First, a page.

Population Foundation of India pledges support to adolescent sexual, reproductive health in Rajasthan
Session on ‘Engendering Millennials’ at the Zee Jaipur Literature Festival
Jaipur, 27 January, 2019: National non-profit organisation Population Foundation of India (PFI) called for concerted efforts by policymakers and society to normalize the discourse around adolescent sexual and reproductive health as a precursor to social transformation.PFI’s session on ‘Engendering Millennials’ was organized on 27 January at the Zee Jaipur Literature Festival (JLF). The panellists included theatre person and filmmaker Puneeta Roy, adolescent health expert and therapist Shelja Sen, author Arushi Raina and PFI’s Executive Director Poonam Muttreja.
According to the Census 2011, every fifth person in India is an adolescent (10-19 years). According to the National Family Health Survey 4 (2015-16), more than half (52%) of currently married women in the age group of 15-19 have already in the age of childbearing. However, just 10% of currently married women of 15-19 years’ age use a modern contraceptive method. In Rajasthan, adolescents (10-19 years) account for 23% of the state’s population (Census 2011). As per NFHS-4, over 35% women between 20 - 24 years in Rajasthan were married before they turned 18.
In the panel discussion at JLF, Poonam Muttreja underlined the urgent need to provide accurate and age-appropriate information to young people. She pointed to the use of edutainment (Entertainment Education) as an effective strategy to overcome the social stigma and traditional norms that shun discussions on sexuality and reproductive health. PFI’s television drama Main Kuch Bhi Kar Sakti Hoon (I, A Woman, Can Achieve Anything) has inspired adolescent girls to challenge social norms and create opportunities to continue their studies, stop child marriage and ensure access to health services.
Dr. Shelja Sen who is the co-founder of ‘Children First’, an organization working on issues of child and adolescent mental health and author of ‘All You Need is Love Imagine’ emphasised the need for sex education and creating safe learning spaces for adolescent on subjects like puberty, sexuality and reproduction. She pointed out that all early adolescents (11- 14 years) usually grapple with questions revolving around sexual identity, gender, disability, race, economic background, and so on. Dr. Sen emphasised on creation of an enabling environment and stated emphatically that millennials must feel OK!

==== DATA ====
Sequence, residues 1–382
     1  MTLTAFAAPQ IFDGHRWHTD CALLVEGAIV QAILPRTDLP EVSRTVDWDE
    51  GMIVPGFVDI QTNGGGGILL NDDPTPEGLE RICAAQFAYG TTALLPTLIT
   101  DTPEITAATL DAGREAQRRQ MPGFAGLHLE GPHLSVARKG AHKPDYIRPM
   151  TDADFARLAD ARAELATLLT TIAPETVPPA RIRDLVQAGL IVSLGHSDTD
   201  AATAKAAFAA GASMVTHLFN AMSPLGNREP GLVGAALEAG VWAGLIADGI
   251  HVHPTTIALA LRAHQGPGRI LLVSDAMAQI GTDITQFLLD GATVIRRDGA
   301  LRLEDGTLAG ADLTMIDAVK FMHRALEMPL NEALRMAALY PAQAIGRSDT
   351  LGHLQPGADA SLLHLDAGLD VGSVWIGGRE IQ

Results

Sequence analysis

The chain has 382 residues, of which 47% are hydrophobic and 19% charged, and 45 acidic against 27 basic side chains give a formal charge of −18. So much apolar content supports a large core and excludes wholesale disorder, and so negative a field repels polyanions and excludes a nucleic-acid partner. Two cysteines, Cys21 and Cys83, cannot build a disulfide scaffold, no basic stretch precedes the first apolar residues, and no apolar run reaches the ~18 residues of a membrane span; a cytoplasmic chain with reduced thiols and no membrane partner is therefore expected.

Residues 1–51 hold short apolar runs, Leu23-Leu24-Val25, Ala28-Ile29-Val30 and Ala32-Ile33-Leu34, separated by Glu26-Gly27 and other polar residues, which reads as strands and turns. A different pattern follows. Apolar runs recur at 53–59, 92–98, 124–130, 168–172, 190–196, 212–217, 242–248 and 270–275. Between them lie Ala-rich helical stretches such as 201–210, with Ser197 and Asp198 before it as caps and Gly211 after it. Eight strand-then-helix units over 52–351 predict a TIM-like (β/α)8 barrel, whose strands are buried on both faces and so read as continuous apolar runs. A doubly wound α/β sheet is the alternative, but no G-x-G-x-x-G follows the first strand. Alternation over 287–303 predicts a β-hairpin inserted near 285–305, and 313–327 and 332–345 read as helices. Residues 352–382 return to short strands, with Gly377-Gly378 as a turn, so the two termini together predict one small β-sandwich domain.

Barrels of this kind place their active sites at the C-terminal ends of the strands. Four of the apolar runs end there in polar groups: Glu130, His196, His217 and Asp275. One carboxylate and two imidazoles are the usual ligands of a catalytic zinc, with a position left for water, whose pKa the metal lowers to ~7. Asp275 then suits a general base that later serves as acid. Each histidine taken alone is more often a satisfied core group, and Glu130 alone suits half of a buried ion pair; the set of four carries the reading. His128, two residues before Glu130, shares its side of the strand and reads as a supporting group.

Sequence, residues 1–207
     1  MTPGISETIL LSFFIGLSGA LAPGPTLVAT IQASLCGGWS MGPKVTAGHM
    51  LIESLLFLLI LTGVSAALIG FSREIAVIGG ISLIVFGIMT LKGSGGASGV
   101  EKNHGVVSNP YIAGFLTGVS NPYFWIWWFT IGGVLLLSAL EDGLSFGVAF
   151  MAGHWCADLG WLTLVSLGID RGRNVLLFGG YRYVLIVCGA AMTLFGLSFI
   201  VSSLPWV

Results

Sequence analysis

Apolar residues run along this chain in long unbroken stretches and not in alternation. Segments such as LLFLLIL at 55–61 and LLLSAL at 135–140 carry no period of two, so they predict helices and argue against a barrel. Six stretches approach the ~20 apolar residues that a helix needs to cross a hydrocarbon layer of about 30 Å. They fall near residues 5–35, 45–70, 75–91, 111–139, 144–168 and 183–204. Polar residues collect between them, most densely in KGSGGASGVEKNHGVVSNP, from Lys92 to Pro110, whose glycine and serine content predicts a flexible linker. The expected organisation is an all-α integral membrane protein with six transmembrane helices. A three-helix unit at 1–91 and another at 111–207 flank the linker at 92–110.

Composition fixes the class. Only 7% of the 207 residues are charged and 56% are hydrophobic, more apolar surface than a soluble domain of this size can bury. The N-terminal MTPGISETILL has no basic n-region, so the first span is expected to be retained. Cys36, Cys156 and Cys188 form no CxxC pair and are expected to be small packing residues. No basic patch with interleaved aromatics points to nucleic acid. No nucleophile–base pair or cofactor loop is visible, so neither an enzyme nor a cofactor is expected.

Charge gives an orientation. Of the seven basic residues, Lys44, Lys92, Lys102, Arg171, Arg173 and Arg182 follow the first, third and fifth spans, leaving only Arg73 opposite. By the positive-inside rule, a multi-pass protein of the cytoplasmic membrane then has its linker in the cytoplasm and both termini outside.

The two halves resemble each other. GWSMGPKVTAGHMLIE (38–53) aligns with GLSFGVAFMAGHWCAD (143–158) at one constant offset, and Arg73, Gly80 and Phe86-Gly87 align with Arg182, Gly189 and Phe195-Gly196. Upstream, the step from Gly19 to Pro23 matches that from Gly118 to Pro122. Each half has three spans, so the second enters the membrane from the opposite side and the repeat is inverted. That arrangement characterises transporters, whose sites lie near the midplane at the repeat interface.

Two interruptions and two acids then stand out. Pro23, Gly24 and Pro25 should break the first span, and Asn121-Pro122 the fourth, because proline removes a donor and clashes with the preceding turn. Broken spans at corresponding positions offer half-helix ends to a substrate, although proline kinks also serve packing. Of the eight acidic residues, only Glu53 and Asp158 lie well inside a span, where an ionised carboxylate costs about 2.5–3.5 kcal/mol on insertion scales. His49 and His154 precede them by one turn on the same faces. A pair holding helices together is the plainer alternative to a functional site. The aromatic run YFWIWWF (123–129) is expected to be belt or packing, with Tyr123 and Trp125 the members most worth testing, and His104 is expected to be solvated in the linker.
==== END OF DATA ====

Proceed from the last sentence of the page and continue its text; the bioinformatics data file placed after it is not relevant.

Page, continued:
Yuva Ekta Foundation, a NGO working on issues and concerns of adolescents and youth in different parts of the country was represented by its founder Puneeta Roy. She talked about the outreach workshop co-organised by PFI and Yuva Ekta Foundation on 18 January that included participation of school going and non-school going boys and girls in age group of 14 to 18 years. She expressed that the workshop that included children from both urban and rural schools encouraged them to speak in a safe environment on personal experiences related to bodily changes, sexuality, rights and the constraints that they face with family, peers and society from the perspective of adolescent sexual and reproductive health and rights (SRHR).
Poonam Muttreja also expressed her concerns regarding the misinformation around sexual and reproductive health that is spread through the digital media in the form of adult sexual content.Arushi Raina, whose debut novel “When Morning Comes” has been shortlisted for Crosswords Award, agreed and stated that accessing digital information and content by young people is much faster and that the rule of authority does not apply to delivery of sexual education.
About PFI’s work in Rajasthan
In Rajasthan PFI is working to create an enabling environment to prioritise adolescent Sexual Reproductive Health and Rights (SRHR). PFI is also providing adolescents the agency to seek information and access to SRHR services through campaigns in three pilot districts of the state.